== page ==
DAR ES SALAAM, Tanzanian Pres John Magufuli and his Ugandan counterpart, Yoweri Museveni, will this weekend lay a foundation stone for the construction of the East African crude oil pipeline from Hoima in Uganda to Tanga Port in Tanzania.

A statement availed to the media by the Director of Presidential Communication, Gerson Msigwa, said that the heads of State are scheduled to lay the foundation stone on Saturday Aug 5.

The statement said that the construction of the 1,403-kilometre pipeline is one of the major projects which the country has secured and commence its implementation since the fifth phase government came into power on November 5, 2015.

'This is a major project whose implementation will cost 3.5 billion US dollars (about 8.7 trillion/-),' Msigwa said. He said that the construction of the pipeline is expected to avail about 10,000 jobs and Tanzanians will be main beneficiaries of the employment opportunities.

It said that both Tanzania and Uganda will benefit through various taxes and levies, royalties and other business activities which will emerge from the project.

Msigwa called upon Tanzanians to take part during the event by watching live broadcasts on radio, television and social media and also make follow ups on various adverts in relation to the ceremony.

We hope that Tanga residents will turn up in large numbers to join the two presidents during the ceremony to mark the major project for both countries, Msigwa said in the statement.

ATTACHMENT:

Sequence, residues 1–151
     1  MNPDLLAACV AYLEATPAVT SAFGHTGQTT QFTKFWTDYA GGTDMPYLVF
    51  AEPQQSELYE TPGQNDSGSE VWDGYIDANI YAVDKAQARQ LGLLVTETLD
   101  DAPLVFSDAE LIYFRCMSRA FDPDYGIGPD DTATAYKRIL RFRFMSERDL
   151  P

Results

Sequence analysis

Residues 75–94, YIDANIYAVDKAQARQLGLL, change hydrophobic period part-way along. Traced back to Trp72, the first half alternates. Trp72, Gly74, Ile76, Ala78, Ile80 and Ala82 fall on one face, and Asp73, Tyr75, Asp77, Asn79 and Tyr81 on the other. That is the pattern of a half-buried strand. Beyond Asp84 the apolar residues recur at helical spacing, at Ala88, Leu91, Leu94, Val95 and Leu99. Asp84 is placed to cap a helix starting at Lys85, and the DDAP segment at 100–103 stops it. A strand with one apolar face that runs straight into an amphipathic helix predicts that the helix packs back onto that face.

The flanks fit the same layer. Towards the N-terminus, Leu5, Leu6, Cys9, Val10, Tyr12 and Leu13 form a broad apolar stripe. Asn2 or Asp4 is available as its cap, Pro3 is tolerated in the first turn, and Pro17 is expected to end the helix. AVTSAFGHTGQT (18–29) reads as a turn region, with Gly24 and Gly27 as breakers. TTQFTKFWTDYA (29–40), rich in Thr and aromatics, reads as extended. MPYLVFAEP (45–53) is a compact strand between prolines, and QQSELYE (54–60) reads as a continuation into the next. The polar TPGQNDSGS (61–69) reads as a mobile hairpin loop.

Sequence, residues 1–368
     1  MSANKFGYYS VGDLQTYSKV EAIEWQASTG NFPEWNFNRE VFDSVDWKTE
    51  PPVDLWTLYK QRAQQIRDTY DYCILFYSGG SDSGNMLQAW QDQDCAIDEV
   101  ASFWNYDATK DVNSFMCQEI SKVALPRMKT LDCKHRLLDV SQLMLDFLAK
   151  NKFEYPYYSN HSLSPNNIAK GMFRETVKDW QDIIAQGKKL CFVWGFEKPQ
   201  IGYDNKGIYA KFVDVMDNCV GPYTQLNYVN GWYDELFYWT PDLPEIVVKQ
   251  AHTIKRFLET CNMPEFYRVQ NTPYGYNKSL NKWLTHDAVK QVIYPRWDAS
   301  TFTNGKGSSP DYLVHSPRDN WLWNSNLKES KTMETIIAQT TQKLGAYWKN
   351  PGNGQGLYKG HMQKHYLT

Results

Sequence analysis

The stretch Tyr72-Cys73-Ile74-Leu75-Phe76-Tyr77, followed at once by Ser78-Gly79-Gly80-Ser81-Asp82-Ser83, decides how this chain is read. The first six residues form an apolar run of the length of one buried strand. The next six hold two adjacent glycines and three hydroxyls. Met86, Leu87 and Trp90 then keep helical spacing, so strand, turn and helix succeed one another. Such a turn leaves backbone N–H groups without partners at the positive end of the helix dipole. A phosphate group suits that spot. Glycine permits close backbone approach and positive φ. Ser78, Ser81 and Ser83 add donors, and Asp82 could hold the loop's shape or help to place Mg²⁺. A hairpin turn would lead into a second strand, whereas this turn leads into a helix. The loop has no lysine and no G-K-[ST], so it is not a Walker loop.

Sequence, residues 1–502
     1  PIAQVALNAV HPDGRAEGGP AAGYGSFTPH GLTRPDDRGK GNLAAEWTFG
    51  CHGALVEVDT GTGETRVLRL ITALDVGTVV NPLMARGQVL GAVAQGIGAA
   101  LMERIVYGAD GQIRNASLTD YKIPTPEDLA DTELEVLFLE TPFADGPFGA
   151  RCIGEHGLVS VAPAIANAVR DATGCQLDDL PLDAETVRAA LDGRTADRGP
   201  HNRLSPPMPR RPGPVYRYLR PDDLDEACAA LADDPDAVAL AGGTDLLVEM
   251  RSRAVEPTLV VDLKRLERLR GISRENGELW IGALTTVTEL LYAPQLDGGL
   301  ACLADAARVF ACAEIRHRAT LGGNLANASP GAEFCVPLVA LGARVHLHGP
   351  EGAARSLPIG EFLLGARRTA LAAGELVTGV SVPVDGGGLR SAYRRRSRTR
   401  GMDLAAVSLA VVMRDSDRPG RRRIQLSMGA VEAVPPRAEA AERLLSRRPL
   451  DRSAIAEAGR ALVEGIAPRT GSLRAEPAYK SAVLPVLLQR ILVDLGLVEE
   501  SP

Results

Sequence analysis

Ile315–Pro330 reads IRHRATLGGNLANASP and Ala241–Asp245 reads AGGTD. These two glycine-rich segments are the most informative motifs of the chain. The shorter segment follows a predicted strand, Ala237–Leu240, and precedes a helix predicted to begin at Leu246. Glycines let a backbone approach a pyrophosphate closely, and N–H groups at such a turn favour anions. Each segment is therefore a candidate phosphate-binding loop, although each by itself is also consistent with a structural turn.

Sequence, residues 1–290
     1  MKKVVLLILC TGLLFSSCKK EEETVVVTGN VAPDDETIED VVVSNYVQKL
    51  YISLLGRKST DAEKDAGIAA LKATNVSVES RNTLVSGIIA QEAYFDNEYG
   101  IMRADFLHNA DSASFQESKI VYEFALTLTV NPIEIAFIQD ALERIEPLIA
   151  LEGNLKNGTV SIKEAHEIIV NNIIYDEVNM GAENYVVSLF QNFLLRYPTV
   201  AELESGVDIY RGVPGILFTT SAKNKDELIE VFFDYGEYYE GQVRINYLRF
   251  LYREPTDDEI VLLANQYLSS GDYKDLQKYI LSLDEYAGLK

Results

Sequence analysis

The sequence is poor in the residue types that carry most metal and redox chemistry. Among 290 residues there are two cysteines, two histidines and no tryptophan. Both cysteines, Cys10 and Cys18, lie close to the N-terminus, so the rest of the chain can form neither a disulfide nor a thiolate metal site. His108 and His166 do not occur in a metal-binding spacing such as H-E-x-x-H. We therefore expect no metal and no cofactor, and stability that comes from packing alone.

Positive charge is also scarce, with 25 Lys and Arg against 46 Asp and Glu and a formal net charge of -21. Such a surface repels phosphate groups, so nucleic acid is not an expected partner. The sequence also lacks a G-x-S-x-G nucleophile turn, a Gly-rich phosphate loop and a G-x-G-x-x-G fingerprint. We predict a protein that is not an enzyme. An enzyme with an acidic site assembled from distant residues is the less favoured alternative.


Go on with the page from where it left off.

Last year, Uganda chose the Tanzanian route to export its crude oil amid competition from Kenya, which also wanted to clinch the deal to transport oil to yet to be constructed Lamu Port in North-Eastern Kenya.

Museveni made the decision to construct the pipeline through Tanzania during the 13th Northern Corridor Integration Projects (NCIP) summit in Kampala, which was also attended by President Paul Kagame and Uhuru Kenyatta of Rwanda and Kenya, respectively.

The envisaged pipeline through Tanzania will be of benefit not only to Uganda and Tanzania, but also other countries in the region such as Kenya, South Sudan, Rwanda, Burundi and the Democratic Republic of Congo (DRC).

The envisaged 24-inch conduit to cover 1,403 kilometres is expected to convey 200,000 barrels of crude oil per day for exports. The project is expected to create 15,000 jobs during its execution after which upon completion it will employ between 1,000 and 2,000 people.

It will pass through Kagera, Geita, Shinyanga, Tabora and Singida to Tanga. Uganda has so far discovered 6.5 billion barrels of the precious liquid along the Lake Albert basin. The first finding was made by Hardman Resources in 2006 which was later acquired by Tullow Oil.